All Breeds Boxane Puppies for Sale Massachusetts, MA

Boxane Puppies for Sale in Massachusetts, MA

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Boxane Characteristics

The Boxane is a hybrid mix between the Great Dane and the Boxer breeds. These dogs typically retain the best characteristics and traits from each parent, resulting in a kind, smart, energetic breed.  If you are looking for big, friendly dog who loves to be affectionate, the Boxane may be the choice for you.

Fast Facts

  • Energy Moderate
  • Size Large
  • Trainability Willful

The Boxane hasn’t been around as a breed for very long, so they’ll definitely be different and vary depending on their parents. As a result, you may meet a Boxane that is 22 inches tall and 60 pounds, 34 inches tall and 140 pounds, or anywhere in between.  The Boxane is most commonly found in black, brown, or white.

Luckily, mixing the Great Dane and Boxer has resulted in a hybrid that shows far fewer health ailments compared to its parents.  Boxanes are considered relatively healthy dogs and typically live longer than the purebred Great Dane. Both the Boxer and Great Dane are breeds who love to please their people, which makes the Boxane a breeze to train, even for novice pet owners. It is advised to have someone around who is physically big enough to contain the dog, however - these dogs have a lot of energy and can easily pull someone down accidentally.

Both these breeds, but especially the Boxer, are known to have an abundance of energy. As a result, it is advised to raise them in a house with a backyard where they can run around and burn off some energy. If your Boxane is left inside and bored for too long, they're likely to act out or attempt escape.

In general, these “gentle giants” are incredible pets to lavish love onto and will return the affection with gusto.

How dog-friendly is Massachusetts?

Massachusetts has some major strengths when it comes to our four-legged friends.

A Pawsafe study ranks Massachusetts as the 10th most dog-friendly state. A similar study by Safewise found Massachusetts to be the 17th most pet-friendly state. They base their rankings on various key factors like pet care costs, walkability, the number of pet-friendly rentals, and animal welfare laws.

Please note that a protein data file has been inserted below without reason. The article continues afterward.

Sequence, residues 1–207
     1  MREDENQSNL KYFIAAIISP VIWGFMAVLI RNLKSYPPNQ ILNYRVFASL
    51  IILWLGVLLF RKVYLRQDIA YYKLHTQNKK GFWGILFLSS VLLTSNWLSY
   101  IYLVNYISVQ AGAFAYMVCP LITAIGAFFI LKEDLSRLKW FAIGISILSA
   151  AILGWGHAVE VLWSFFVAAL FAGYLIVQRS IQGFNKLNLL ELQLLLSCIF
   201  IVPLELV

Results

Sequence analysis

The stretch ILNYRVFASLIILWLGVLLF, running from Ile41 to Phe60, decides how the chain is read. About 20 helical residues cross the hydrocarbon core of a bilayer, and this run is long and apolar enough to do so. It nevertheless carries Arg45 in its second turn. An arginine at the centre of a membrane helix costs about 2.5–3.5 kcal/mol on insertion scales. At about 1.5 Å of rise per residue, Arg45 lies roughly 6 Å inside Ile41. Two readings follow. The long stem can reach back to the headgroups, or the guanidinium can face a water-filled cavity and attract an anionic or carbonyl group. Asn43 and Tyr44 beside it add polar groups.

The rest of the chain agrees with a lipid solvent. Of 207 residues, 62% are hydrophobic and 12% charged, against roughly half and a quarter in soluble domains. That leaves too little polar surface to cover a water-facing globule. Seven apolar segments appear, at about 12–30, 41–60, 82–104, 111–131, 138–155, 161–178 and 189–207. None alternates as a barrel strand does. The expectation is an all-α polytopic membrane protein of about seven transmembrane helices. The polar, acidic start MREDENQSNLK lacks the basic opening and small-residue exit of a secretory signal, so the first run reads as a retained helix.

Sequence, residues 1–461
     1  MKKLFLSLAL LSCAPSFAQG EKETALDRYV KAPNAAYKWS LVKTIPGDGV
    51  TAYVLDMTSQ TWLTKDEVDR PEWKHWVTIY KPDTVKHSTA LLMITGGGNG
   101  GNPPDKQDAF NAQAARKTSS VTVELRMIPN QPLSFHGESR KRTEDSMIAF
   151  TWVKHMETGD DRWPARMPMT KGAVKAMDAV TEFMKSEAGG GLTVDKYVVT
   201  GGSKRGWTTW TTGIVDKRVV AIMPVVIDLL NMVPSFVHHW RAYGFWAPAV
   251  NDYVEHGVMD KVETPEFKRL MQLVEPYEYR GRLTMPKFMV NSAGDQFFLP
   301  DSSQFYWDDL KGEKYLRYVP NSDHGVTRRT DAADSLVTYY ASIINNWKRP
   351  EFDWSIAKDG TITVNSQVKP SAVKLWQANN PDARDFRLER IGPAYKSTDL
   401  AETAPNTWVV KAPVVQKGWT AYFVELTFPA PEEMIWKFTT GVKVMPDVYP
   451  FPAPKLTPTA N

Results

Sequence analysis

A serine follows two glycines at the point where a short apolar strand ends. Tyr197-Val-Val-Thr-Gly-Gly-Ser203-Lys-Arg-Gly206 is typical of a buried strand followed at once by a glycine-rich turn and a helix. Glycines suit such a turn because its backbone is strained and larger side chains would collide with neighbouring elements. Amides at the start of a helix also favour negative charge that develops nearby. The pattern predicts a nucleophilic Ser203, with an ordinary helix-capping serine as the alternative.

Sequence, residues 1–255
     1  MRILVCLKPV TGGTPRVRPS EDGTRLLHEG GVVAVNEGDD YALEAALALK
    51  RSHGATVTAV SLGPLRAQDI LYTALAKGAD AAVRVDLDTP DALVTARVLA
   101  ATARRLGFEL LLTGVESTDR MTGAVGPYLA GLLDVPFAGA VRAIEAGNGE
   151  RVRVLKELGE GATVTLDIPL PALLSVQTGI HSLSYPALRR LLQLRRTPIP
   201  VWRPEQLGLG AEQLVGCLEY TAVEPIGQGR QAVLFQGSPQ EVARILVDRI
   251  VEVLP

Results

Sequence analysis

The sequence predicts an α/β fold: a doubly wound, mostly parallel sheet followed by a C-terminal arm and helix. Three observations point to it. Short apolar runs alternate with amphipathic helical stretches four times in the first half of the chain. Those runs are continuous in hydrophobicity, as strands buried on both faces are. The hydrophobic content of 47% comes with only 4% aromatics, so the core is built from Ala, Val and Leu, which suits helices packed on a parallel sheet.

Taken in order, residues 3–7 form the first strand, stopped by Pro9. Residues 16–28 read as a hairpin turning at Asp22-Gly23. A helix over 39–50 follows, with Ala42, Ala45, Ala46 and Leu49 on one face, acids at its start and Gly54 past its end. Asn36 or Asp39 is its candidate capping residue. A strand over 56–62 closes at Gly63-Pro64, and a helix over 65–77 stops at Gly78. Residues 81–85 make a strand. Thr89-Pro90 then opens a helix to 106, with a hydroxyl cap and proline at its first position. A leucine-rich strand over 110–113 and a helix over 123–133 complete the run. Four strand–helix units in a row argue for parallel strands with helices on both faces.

Pawsafe also ranked Massachusetts 11th for pet-friendly activities and sixth for available pet services. Massachusetts has more than 350 pet-friendly accommodations and 140 restaurants. Over 300 attractions in the state accept pets.


Massachusetts is also the fifth-highest in animal rights laws, which we love to see. The majority of these laws relate to abuse, neglect, fighting, and pet care standard. Veterinarians must report animal abuse and animal abusers may face felony charges. Also, Massachusetts has good samaritan laws that protect citizens who want to help dogs they see stuck in cars. 

How dog-friendly is Boston?

WalletHub analyzed and ranked the most pet-friendly cities in the United States for 2021. They look at a variety of important factors like pet budget, health and wellness, and outdoor pet-friendliness.


They ranked Boston the 67th most pet-friendly city out of 100 cities. Not the best, but certainly not the worst. The city is the 35th best for outdoor pet-friendliness. It is also ranked 40th for pet health and wellness. It doesn’t score as well for pet budget, indicating that Boston is expensive for dog owners.


A Trust for Public Land (TPL) study shows that Boston has the 24th highest number of dog parks per capita, with 1.8 dog parks per 100,000 residents.

Any areas for improvement in Massachusetts’ pet care?

The state has some areas where it can improve. 


Only 29% of Massachusetts residents own a dog. This is a solid amount below the 40% average among all U.S. households. Overall, Massachusetts has one of the lowest pet ownership rates in the country at 49.1%.

Animal welfare & dog shelters in Massachusetts

Of the 35,149 dogs and cats that entered Massachusetts shelters in 2019, they saved and positively placed 80.86%. A 90% save rate is required to be a no-kill state. Sadly, only 11.27% of Massachusetts shelters are no-kill.


Boston has the fourth-fewest veterinarians per capita among the nation’s top cities. Also, it should absolutely increase its number of no-kill animal shelters and adoption opportunities.

We hope to see some of these improvements in the future, making Massachusetts an even better home for our beloved pets.

Boxanes Everywhere in Massachusetts

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